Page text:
Building a Better Forest Service
In a victory for clean water, healthy forests, and thriving wildlife, the Obama Administration finalized a new planning rule for the country’s 155 national forests and 20 national grasslands in 2012 that favors science over politics. The “planning rule” sounds banal, but in fact it provides the backbone for on-the-ground management decisions impacting how each national forest will balance the needs of the ecosystem with human activities such as logging, grazing, and even recreation.
In recognition of WELC’s tireless commitment over the past decade defending the role of science in managing our national forests and grasslands, Sec. Tom Vilsack (USDA) selected me from more than 200 applicants to serve on the 21-member Federal Advisory Committee. The committee is charged with helping the Forest Service implement the new planning rule. We have met five times so far, most recently this past week in Salt Lake City.
The Committee membership is very diverse, including representatives from elected county, state, and tribal government; timber, mineral, and grazing industries; motorized and non-motorized recreation interests; conservation community; private landowners; and youth organizations. The Committee’s makeup truly represents the types of different stakeholders interested in national forest management, which reflects a difficult balancing act amongst social, economic, and ecological concerns.
The work has been quite challenging. We have been spending our time developing guidance for land managers and stakeholders on matters such as when to engage the public and how, what lands should be included in a wilderness inventory, and how adaptive management should work. We also provided recommendations on tough and controversial issues such as climate change, timber production, wildlife conservation, and wilderness designation. At the Salt Lake City meeting, we finalized our consensus recommendations, which we will present to Forest Service and Department of Agriculture leadership in October at the Cradle of Forestry in North Carolina.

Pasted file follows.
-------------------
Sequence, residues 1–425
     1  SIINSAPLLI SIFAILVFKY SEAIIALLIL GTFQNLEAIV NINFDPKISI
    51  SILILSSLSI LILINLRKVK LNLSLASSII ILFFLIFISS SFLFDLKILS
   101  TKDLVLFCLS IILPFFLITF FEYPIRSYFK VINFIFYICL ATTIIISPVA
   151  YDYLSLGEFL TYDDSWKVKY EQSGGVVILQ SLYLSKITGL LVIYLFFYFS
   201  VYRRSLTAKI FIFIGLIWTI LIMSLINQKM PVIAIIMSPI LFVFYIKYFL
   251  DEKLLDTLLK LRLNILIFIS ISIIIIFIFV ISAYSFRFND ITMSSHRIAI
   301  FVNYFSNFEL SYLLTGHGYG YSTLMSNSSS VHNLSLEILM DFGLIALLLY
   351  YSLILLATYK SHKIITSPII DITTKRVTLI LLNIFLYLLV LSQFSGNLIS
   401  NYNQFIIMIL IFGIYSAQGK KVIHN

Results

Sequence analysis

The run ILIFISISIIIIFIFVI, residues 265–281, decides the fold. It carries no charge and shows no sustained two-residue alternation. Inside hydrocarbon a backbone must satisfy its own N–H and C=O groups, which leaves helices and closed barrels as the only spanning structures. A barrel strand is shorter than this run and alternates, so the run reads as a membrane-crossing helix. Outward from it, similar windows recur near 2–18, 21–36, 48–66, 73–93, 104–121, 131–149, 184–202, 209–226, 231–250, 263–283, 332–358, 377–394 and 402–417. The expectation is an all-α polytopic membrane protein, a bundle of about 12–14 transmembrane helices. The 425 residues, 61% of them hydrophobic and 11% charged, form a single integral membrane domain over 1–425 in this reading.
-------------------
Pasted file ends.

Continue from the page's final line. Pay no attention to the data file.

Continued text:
Despite our differences, the Committee has made great progress in our advice to the Forest Service. In my view, our work together epitomizes collaboration: we are working together in an open and inclusive process to address problems that alone, we would not be able to solve. The Committee members like and respect each other, even if we don’t always agree on a particular point. I have been able to bring WELC’s legal, political, and collaborative expertise to the table, and I have heard from many Committee and Forest Service participants that this expertise has been indispensable in moving the dialogue forward.
The Committee’s current assignment is drawing to a close, but I am very excited about the next chapter: I expect that we will be working with “early adopters,” national forests that are already beginning to develop forest plans under the new Planning Rule, to help guide them through this new planning regime. We are also likely to develop several tools for the public, including a “Planning 101” handbook that would outline the planning process and how to engage in a how-to format. Other options for the committee’s involvement are also on the table.
There is a lot of work ahead, but this is an exciting time in land management planning: revisions provide the public with the best opportunity to direct forest management well into the future, and to advocate for our “vision” of the public lands. I’m glad to be able to represent WELC - and you - at the table!
[Meanwhile, WELC is in court fighting an industry lawsuit that argues the Forest Service overstepped its authority by requiring the new forest plans to provide "ecological sustainability" and use best available science in management decision, among other claims. Stay Tuned.]